I’ve done rads twice. Each side. Yes, the techs are uninterested, but nice. They’ve seen it all, done it all. You won’t loose your head hair, under your arm probably. It may also destroy your sweat glands. I haven’t needed deodorant in 10 years. Your RO will let you know what to use, or not, on your skin. As for your hearing loss, let Dr and techs know, I’m sure this has come up before too. Your wine should be ok, but ask just to make sure. I had about a 20 minute drive. It’s going Every.Single.Day. For ALL the zaps necessary. It’s not a one and done thing First time was 35, second was 30 for me

    Dr Google is not your friend. He is full of outdated, misinformed information about cancer and treatments. Come here, or go to reputable sites like American Cancer Society.

  • alicebastable
    alicebastable Member Posts: 1,934

    I had 33 sessions. The initial set-up takes about an hour and is boring. The actual sessions took about five minutes, maybe 10 on Mondays when I'd talk to the RO afterwards. My skin got slightly pink and dry, plus my clavicle on that side got red because I had a wider swath due to a positive node. The technicians were very professional and kind where I went, only uncovering me long enough for the daily line-up or recalibration. My place has nice thick cotton front-wrap robes, and they'd just pull it aside for the quick check, then replace it before the zapping. They'll explain everything at your initial appointment and at the set-up, and talk you through it at each session.

    I briefly stopped at a favorite park after each session, or for a treat like hot chocolate. Before the whole thing started, my husband bought me a pack of dollar scratch-off lottery tickets, so each day I'd cross the date off the schedule the RO gave me, and scratch my ticket. I didn't win anything except an occasional free ticket, but it was something fun to do. We also took lots of outings and day trips during the whole thing, like before and after surgeries, tests, and doctor visits, and a short vacation right before starting radiation. It helped tremendously to intentionally stockpile as many good memories as possible - and I remember those better than the medical stuff almost five years later. Good luck!

  • starsnow77
    starsnow77 Member Posts: 55

    Thank you! Love the idea of little reinforcers.......there is a wonderful bake shop along the route that I have to drive...that's probably not the best idea though lol Thank you all for your support this site is a sanity saver

  • quietgirl
    quietgirl Member Posts: 165

    I think whether you find the techs as indifferent depends on a bunch of things. Part of it is patient expectation and some of it is what they need to do as a job. For some techs being matter of fact might be their way of trying to make someone feel more comfortable in other words if they treat your body as if they have seen a thousand like it is it because they are indifferent or is it because they want you to feel more comfortable like it’s no big deal you are laying there partial nude on a table. Honestly I did not find my techs indifferent. Efficient yes indifferent nope. (I got a gift of chapstick on St Patrick’s Day it was so random I was trying to decide whether they picked a random day each month and give the patients something or whether they got a donation of lime flavored Burt’s bee chapstick because everyone got one)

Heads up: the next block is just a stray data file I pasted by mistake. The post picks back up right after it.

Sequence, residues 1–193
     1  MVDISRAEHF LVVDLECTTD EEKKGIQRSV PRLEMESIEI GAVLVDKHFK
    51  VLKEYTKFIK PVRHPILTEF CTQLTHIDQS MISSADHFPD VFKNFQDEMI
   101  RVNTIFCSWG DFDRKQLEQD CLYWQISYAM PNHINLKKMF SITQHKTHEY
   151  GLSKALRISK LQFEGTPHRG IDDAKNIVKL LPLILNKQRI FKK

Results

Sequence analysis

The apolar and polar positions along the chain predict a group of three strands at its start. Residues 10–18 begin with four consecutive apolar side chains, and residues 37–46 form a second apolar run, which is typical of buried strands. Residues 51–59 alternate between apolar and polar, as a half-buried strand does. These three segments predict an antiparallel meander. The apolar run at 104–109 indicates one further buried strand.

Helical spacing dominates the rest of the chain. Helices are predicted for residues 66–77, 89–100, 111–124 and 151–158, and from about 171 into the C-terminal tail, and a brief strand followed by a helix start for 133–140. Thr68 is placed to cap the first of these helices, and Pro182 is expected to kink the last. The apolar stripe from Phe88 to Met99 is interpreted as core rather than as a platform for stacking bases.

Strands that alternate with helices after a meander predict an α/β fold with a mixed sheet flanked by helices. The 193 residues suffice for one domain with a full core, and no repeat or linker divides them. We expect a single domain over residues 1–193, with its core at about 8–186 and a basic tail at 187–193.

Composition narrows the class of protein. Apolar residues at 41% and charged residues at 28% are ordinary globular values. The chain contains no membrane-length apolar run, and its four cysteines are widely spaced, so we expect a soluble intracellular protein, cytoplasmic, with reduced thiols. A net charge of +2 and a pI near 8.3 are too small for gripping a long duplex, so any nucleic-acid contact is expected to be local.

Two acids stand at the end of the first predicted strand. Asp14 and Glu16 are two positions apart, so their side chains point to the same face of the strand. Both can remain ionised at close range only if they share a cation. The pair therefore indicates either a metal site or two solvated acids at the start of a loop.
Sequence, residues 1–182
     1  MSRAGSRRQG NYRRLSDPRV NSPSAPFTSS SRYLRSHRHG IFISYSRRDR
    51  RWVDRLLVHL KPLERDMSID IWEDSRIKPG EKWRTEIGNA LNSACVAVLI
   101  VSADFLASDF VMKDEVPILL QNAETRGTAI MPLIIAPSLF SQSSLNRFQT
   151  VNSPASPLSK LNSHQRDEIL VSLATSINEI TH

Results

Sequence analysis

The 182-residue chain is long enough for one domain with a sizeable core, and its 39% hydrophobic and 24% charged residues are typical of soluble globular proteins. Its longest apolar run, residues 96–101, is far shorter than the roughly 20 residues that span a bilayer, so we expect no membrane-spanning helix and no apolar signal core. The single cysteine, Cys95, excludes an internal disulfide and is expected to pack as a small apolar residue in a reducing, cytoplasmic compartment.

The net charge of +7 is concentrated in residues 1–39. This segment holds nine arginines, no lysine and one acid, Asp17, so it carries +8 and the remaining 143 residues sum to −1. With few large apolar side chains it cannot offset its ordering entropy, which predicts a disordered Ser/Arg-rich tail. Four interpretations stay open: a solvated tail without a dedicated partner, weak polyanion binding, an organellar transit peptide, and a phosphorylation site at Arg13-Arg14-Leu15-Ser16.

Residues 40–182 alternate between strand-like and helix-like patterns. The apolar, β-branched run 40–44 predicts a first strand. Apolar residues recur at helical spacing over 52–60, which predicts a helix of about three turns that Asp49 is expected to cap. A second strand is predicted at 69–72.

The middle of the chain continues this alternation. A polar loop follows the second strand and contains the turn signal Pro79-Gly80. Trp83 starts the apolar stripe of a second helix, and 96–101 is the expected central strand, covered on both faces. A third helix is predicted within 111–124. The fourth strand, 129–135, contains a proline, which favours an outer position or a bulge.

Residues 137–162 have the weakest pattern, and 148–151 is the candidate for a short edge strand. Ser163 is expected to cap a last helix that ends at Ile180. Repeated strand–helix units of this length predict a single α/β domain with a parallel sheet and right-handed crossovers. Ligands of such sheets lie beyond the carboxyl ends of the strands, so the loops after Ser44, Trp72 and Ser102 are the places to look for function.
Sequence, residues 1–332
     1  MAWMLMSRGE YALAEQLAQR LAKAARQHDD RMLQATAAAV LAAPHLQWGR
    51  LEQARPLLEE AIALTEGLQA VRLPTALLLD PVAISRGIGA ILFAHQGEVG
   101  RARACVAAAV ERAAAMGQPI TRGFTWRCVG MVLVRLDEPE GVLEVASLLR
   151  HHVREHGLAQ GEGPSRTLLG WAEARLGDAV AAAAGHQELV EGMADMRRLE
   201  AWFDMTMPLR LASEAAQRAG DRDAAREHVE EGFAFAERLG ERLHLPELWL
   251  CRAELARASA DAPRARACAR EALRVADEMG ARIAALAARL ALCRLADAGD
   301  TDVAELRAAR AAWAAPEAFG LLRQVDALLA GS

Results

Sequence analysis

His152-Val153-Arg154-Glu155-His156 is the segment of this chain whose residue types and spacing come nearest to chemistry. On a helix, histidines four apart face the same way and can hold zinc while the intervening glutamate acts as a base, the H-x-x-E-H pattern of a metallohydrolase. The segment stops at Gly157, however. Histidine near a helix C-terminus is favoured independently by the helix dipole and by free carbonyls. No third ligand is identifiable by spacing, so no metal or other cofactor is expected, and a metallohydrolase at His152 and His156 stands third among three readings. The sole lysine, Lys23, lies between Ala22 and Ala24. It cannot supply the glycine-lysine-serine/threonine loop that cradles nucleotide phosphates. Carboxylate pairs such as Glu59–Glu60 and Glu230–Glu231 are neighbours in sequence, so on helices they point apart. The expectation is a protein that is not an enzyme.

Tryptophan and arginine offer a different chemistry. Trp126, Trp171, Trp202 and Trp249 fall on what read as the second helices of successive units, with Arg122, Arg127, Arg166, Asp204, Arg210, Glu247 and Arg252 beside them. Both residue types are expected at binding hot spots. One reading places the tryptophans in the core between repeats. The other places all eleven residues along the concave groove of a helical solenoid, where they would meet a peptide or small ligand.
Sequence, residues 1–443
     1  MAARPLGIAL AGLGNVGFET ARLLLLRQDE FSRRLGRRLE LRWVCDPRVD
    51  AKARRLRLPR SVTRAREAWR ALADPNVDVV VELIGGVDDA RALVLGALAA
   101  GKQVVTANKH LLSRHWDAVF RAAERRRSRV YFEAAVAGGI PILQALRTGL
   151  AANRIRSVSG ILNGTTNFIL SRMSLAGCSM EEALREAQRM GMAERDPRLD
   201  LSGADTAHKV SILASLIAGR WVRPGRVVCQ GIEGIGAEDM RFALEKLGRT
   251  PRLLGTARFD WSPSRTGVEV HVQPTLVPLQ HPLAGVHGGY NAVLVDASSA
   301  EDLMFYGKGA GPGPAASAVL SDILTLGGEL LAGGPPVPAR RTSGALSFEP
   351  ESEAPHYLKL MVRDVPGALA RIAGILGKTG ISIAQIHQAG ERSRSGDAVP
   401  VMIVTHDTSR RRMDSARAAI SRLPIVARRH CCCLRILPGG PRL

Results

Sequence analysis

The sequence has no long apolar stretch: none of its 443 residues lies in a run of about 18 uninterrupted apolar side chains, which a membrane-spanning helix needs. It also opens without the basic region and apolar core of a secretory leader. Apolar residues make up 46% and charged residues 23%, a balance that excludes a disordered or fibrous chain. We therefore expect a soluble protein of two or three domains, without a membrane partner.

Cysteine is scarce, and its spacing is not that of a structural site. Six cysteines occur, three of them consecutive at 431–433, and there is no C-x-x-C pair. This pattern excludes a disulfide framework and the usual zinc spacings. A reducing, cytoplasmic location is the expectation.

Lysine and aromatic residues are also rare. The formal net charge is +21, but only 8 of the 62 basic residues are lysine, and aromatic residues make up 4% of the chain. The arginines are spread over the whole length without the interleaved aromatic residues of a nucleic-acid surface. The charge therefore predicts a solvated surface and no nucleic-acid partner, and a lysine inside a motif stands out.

One thing I learned is if they offer you a warm sheet for your arms or legs take it. I think for me having the warm sheet on my arms made them less stiff from being above my head in some weird position. It also gave me something to focus on. Of course by the last treatments I also made them put on super loud music (Meatloafs Paradise by the Dashboard lights is longer then a radiation treatment but not a good choice when you are suppose to be lying still).

    Hold your breath is only if you are getting radiation to your left side (sorry I can’t remember where your surgery was). Right side there is no need for that. (Probably the other reason why I could have loud music no one had to talk to me).

    Something I wish I had known although logically it made sense. Once a week during radiation I was suppose to meet with my radiologist after treatment. Since I worked through all my treatment it meant I had to change some work things around after planing out the whole three weeks. Also half way through I had another long planning session because I had 15 whole breast sessions and then 4 targeted sessions. So they replan before the 4 targeted sessions.

    I’m just rambling now with my typical mostly useless information. Some folks have a dedicated time for their whole treatment plan I didn’t which worked out okay for me but can be a pain so see what is typical for where you are going.